Accountants and limited liability
It was only until recently that accountancy practices were always set up as non corporate entities; however, now nobody is surprised to encounter accountants operating via a limited liability company, or as a limited liability partnership.
In an increasingly litigious world, the attractions of limited liability are obvious, and just like anyone else in business; the sensible accountant will take all reasonable measures to limit the amount of their liability to their clients and others.
There have been various cases dealing with auditor’s duty of care to third parties. Perhaps the most well known case is Royal Bank of Scotland v Bannerman Johnstone Maclay (Scottish Court of Session), known as the Bannerman case. In 1998 a company went into liquidation owing £13m to Royal Bank of Scotland (RBS). The bank claimed that the auditors had been negligent because they did not notice a fraud that had led to the accounts being mis-stated.
The bank won the case, and afterwards, many audit reports have been prepared with a disclaimer clause included, stating that the auditors did not owe a duty of care to third parties, but only to the members, the addressees of the audit report.
ACCA’s council does not encourage the inclusion in audit reports of standard disclaimer clauses which could have the effect of devaluing the report in the eyes of many. Council stated ‘while it remained open to members to include disclaimer paragraphs in the auditors report, ACCA would not encourage this’.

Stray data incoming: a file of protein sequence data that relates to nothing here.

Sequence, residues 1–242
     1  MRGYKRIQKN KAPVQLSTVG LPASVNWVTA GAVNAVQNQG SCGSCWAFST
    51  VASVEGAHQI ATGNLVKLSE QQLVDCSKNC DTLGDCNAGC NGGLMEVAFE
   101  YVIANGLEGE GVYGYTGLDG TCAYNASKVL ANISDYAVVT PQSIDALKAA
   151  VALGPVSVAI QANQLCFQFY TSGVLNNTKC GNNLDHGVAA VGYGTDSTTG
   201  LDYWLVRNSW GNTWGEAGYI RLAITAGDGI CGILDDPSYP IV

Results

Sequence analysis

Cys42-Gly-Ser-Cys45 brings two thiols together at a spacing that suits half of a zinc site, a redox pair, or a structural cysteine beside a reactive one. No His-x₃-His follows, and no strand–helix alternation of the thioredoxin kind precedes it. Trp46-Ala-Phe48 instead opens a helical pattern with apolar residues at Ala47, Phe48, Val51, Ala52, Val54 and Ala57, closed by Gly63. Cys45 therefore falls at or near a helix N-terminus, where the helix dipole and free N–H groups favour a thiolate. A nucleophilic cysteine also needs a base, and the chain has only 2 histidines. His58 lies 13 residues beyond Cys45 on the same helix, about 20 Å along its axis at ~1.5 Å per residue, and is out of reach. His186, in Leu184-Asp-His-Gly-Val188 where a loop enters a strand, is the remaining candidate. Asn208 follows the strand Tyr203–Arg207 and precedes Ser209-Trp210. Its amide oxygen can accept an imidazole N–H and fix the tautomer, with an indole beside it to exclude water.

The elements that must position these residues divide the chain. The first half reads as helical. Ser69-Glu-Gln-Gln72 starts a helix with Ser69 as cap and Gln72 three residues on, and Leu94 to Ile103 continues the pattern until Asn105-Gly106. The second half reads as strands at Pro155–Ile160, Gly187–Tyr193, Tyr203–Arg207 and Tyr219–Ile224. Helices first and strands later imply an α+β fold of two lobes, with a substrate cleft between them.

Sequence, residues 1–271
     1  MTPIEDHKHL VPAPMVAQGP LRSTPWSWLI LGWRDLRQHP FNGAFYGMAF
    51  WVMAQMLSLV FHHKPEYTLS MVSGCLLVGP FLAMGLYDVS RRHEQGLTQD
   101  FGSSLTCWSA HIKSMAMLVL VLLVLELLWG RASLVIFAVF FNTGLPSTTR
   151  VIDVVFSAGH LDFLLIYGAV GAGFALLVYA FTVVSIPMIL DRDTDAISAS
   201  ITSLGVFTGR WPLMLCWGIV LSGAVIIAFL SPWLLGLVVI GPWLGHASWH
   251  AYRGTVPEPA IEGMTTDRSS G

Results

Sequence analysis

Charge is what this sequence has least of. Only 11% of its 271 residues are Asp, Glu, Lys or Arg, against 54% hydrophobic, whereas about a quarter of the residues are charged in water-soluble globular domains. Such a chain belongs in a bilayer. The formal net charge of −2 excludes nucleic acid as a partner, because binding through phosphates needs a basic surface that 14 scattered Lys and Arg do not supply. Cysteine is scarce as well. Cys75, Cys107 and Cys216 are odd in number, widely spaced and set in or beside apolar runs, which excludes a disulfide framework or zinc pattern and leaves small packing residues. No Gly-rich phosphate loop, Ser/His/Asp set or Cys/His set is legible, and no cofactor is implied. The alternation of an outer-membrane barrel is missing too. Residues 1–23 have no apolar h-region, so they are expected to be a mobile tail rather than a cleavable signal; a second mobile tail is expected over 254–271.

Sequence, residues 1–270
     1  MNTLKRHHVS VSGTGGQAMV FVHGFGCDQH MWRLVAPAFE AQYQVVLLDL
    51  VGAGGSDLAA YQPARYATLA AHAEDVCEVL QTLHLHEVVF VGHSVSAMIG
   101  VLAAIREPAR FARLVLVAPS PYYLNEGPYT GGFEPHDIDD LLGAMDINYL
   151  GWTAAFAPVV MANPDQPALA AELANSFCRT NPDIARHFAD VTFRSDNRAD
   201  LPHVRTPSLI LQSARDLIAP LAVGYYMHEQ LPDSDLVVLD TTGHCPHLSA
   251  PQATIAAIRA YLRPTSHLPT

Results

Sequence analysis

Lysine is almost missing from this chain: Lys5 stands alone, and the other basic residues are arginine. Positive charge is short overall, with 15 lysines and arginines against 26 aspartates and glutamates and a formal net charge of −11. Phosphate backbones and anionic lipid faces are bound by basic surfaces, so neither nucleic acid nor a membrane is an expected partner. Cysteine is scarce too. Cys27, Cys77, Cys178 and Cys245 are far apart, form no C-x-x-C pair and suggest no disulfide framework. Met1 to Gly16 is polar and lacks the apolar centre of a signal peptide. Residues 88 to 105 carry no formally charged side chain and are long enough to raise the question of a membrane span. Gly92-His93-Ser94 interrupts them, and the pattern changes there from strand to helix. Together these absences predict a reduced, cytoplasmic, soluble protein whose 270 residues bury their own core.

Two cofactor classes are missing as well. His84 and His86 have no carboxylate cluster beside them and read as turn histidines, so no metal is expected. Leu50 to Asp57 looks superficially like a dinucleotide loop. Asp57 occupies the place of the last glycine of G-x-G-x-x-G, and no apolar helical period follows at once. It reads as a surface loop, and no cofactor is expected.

ACCA has produced a technical factsheet about the Bannerman case.
The Companies Act 2006 includes a section on auditor’s liability that did not exist in the Companies Act 1985. The provisions are in sections 532 to 538, and allow a company and its auditor to set up a ‘limited liability agreement’.
Whilst audit is one of the significant risk areas for an accountant in practice, it is unfortunately not the only type of engagement that could cause a problem. ACCA members in practice are obliged to have professional indemnity insurance, which will hopefully offer some protection to the professional accountant.
ACCA members are also obliged by the rulebook to have engagement letters in place before commencing any work for a potential client. Engagement letters are a very effective loss-avoidance tool. If problems arise in the client relationship, the engagement letter can provide essential evidence of the exact terms agreed, and may well head off an incipient legal action.
ACCA has produced a CD which includes over 50 different engagement letters. The letters and associated terms and conditions include clauses that deal with limitation of liability of the accountant to the client.